Connoisseurs have learnt to differentiate “the Elder” Brueghel painters from “the Younger” generation and many have their preferences for the work of family scion Pieter Breugel the Elder. But this fall, art lovers are invited to enjoy all the members of this Old Masters dynasty as they are reunited for a new survey spanning an incredible five generations at the Het Noordbrabants Museum in the Netherlands.
Roughly spanning the years 1550-1700, some 80 paintings will chart how one family of outsize artistic talent managed to keep innovating throughout the Dutch Golden Age. The exhibition will explore intergenerational familial connections and influences while also elaborating on the wider network of cultural activity, from significant artists like David Teniers the Younger who married into the family to the wider historical context of colonialism and global trade.
Standout masterpieces by Pieter Bruegel the Elder include (1568), his of the same year which is travelling from the Louvre in Paris and a rare public glimpse of (1557) from a private collection in New York.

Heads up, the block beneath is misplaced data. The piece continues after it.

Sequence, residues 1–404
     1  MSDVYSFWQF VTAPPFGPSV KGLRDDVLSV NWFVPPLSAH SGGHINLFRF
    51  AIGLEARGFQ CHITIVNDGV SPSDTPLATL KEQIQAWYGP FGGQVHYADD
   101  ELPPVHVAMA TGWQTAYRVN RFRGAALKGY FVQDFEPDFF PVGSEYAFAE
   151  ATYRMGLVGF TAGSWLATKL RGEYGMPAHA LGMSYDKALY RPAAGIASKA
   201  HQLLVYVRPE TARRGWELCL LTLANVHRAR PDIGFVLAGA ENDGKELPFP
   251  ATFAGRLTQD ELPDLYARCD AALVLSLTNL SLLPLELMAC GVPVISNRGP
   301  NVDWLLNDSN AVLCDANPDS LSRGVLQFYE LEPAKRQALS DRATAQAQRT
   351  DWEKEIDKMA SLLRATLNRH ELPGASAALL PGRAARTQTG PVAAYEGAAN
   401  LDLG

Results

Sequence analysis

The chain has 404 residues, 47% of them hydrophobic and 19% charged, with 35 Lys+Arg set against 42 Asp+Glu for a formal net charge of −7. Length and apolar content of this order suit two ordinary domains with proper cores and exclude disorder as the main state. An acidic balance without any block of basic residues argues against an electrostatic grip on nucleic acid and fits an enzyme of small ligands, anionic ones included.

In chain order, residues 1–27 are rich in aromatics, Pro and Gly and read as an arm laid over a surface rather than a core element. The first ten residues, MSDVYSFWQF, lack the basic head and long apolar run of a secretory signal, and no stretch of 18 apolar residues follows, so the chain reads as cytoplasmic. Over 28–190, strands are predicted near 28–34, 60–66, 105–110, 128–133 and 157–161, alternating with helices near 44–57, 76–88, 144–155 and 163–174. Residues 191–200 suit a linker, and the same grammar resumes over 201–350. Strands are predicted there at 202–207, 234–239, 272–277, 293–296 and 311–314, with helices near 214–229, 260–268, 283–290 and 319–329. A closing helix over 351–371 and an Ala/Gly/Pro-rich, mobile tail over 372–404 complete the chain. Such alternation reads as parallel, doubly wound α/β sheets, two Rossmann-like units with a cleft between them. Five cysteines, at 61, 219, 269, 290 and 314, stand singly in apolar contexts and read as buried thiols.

In other cases, close study of detailed miniatures on an intimate scale will introduce visitors to the tiny worlds built up by Jan Brueghel the Elder and his grandson Jan van Kessel the Elder, who he greatly inspired.
Audiences can also expect to be introduced to some less famous names, including women members of the family like the artist Mayken Verhulst. Mother-in-law to Pieter Brueghel the Elder, she played an active role in the education of her grandsons Pieter Brueghel the Younger and Jan Brueghel the Elder.
Her own practice, too ofter overshadowed by their achievements, included miniature illustrations and watercolours. She was named one of the four most important female artists of the region in Lodovico Guicciardini’s book (1567).
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